NEW ORLEANS (AP) — A former Louisiana district attorney solicited sex from at least 20 women in exchange for offering favorable treatment from his office, authorities said Wednesday after the veteran prosecutor pleaded guilty to obstructing their long-running investigation of him.
SALT LAKE CITY (AP) — The Salt Lake City Council has decided to name a street after pioneering gay leader Harvey Milk, the latest display of its position as a blue island in a sea of deep-red, where the prevailing Mormon faith still has a fraught relationship with the LGBT community.
By Megan Cassella WASHINGTON (Reuters) - Anti-slavery crusader Harriet Tubman will become the first African-American on the face of U.S. paper currency, and the first woman in more than a century, when she replaces former President Andrew Jackson on the $20 bill. The U.S. Treasury Department said on Wednesday that Tubman, who was born into slavery in the early 1820s and went on to help hundreds of slaves escape, would take the center spot on the bill, while Jackson, a slave owner, would move to the back. Introduced alongside a slew of changes to the $5 and $10 notes as well, the redesign gives the Treasury "a chance to open the aperture to reflect more of America's history," Treasury Secretary Jack Lew said.
By Sharon Bernstein SACRAMENTO, Calif. (Reuters) - California communities where a wet winter has filled reservoirs and begun ameliorating the state's catastrophic four-year drought begged water regulators on Wednesday to reduce or eliminate emergency conservation measures imposed last year. Facing pushback from aggravated consumers under the ongoing rules, water utilities say they will have little credibility asking for conservation when the next drought hits if they must continue to order residents to cut back water use by up to 36 percent. "By any measure, there isn't any emergency left," said Robert Roscoe, general manager of the Sacramento Suburban Water District.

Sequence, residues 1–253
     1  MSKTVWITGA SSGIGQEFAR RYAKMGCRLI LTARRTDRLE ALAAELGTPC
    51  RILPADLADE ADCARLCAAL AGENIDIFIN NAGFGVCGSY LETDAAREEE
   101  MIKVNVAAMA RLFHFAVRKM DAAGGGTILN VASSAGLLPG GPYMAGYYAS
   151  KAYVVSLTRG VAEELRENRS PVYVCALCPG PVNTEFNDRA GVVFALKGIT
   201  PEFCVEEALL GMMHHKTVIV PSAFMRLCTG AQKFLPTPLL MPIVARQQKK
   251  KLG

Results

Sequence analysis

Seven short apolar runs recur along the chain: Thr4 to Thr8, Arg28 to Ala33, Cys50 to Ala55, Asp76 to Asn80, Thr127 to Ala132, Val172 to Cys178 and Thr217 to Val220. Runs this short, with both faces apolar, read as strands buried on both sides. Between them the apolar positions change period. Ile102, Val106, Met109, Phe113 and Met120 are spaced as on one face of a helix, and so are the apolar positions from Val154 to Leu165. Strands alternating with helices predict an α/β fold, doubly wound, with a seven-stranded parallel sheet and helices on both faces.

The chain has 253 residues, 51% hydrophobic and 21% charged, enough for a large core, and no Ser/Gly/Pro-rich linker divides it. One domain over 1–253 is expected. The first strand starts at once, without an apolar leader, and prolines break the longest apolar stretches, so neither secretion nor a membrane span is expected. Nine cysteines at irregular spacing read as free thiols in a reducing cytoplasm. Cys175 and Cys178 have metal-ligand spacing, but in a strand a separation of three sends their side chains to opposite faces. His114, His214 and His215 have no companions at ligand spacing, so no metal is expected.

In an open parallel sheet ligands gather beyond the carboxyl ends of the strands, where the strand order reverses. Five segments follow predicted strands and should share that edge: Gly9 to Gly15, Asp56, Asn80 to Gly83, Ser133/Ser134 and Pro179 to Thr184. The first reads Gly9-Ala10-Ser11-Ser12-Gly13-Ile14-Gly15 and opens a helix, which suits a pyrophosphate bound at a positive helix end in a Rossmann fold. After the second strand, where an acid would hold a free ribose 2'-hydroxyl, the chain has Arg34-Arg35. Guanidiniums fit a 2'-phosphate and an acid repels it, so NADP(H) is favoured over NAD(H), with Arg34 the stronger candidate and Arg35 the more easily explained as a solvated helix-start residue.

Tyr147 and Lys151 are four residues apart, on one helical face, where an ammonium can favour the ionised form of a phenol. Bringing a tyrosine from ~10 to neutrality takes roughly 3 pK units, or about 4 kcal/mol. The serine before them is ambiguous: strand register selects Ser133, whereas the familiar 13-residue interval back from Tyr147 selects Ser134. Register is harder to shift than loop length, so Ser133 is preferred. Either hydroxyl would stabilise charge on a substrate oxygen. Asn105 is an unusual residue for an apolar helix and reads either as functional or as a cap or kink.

A retrial was later ordered due to prosecutorial misconduct. Under the plea deal, the four men involved in the shootings - Kenneth Bowen, Robert Faulcon, Robert Gisevius and Anthony Villavaso - pleaded guilty to depriving the victims of their civil rights, obstruction of justice and conspiracy to obstruct justice, according to Kenneth Polite, U.S. Attorney for the Eastern District of Louisiana.